What does the expression “one’s cake is dough” mean and Where does it come from?

The expression “one’s cake is dough” means one’s plans have miscarried; one is disappointed.

The proverb was old in the time of Shakespeare.

In Taming of the Shrew, Act I, scene 1, he has Gremio saying to Hortensio, both suitors of Bianca, “Their love is not so great, Hortensio, but we may blow our nails together, and fast it fairly out; our cake’s dough on both sides.”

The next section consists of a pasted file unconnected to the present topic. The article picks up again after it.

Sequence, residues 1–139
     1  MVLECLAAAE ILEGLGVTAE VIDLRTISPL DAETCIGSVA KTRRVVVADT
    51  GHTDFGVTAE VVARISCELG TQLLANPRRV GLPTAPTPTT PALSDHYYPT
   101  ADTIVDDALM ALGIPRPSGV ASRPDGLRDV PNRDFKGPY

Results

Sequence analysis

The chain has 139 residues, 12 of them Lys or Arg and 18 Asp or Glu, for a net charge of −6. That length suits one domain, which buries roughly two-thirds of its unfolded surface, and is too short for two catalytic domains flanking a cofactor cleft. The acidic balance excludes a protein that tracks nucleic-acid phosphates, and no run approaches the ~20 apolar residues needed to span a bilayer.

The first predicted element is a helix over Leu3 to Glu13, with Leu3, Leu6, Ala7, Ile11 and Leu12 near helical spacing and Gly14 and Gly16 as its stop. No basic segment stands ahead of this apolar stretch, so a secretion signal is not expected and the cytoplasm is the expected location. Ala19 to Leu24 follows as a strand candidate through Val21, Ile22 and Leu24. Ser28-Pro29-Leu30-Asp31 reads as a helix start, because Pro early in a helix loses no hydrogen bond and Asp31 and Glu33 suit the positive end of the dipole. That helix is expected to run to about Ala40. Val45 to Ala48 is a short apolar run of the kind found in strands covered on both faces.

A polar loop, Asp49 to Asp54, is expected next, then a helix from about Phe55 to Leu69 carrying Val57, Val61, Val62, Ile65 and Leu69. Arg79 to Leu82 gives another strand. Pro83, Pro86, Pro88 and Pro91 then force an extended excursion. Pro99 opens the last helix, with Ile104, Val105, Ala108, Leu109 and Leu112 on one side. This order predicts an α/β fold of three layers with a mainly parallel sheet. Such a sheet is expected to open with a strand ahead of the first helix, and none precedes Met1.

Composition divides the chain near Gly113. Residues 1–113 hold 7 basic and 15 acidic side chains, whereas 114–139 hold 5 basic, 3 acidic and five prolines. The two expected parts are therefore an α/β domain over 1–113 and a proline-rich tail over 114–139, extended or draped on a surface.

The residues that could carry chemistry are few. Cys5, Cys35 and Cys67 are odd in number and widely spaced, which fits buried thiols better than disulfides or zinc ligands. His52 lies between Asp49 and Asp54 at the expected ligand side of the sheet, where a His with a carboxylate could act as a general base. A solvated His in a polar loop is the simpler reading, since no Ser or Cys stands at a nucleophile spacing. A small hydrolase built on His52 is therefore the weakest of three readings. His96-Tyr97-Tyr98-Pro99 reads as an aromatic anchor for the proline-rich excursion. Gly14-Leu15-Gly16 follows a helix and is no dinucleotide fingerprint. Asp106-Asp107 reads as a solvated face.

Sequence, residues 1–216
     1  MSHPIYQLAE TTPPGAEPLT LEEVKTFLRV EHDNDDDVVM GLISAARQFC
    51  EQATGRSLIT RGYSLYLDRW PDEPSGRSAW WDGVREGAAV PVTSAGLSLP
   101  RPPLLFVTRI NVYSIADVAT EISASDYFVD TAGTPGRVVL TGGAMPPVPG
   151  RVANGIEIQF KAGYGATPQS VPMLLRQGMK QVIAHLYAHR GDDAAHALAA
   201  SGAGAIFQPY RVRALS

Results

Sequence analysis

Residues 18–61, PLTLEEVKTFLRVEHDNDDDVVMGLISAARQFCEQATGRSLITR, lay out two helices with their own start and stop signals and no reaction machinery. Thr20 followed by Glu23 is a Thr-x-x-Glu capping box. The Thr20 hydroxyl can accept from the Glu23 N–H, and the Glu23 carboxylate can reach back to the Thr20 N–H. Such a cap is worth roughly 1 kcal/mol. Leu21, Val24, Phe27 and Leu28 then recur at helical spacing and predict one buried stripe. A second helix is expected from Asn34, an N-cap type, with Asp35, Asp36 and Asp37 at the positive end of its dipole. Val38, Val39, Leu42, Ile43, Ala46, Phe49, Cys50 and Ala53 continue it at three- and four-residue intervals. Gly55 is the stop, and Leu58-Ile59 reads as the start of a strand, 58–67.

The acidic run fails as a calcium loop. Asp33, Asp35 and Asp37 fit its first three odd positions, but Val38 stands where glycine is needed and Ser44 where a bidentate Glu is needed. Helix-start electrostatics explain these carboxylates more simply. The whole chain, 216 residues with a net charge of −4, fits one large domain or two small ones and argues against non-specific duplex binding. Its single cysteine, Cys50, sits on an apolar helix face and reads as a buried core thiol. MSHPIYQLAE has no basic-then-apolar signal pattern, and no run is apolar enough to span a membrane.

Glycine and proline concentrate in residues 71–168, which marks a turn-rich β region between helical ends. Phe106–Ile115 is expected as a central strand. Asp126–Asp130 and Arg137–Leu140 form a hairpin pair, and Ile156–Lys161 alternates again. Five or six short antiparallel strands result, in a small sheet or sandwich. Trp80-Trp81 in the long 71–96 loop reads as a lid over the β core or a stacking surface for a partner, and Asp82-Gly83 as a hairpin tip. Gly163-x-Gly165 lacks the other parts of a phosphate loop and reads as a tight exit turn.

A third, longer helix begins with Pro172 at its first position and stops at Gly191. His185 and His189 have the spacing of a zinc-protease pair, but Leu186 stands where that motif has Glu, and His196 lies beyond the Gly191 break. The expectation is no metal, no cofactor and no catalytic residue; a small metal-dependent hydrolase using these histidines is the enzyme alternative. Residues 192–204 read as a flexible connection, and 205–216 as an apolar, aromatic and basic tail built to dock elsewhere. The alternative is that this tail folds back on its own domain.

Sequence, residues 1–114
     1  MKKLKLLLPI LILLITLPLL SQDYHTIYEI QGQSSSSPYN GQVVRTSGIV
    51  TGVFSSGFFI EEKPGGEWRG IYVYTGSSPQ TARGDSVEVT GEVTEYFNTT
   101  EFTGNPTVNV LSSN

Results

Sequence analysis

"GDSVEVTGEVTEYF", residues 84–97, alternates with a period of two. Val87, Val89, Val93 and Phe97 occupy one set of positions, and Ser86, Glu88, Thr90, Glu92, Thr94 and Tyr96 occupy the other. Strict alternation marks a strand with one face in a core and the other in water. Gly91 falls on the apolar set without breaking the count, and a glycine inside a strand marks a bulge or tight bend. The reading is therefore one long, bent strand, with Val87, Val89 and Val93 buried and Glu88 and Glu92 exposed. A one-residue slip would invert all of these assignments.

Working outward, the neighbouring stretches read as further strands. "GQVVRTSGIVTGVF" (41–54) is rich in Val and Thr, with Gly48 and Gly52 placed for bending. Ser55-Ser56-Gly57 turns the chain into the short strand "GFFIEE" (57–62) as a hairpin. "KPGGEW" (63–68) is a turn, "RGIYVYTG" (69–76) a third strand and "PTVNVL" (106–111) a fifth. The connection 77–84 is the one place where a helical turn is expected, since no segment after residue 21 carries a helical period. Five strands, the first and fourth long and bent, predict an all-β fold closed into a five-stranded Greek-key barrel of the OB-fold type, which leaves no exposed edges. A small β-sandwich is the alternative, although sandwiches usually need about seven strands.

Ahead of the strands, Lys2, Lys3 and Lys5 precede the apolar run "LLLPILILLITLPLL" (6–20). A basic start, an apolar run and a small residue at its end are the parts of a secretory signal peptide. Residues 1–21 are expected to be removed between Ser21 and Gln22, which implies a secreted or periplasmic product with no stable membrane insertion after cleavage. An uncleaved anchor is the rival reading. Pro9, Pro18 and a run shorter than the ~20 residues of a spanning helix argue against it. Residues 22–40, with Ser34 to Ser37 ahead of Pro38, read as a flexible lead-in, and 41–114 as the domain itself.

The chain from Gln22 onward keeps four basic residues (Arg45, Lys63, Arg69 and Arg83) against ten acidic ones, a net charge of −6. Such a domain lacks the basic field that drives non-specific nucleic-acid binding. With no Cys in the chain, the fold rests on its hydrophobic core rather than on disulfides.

Apperson reports the occurrence of the expression in the Prayers of Thomas Becon, 1559: “Or else your cake is dough, and all your fat lie in the fire.”

The allusion is obvious: when an oven does not reach a baking heat, one’s plans for a cake have miscarried.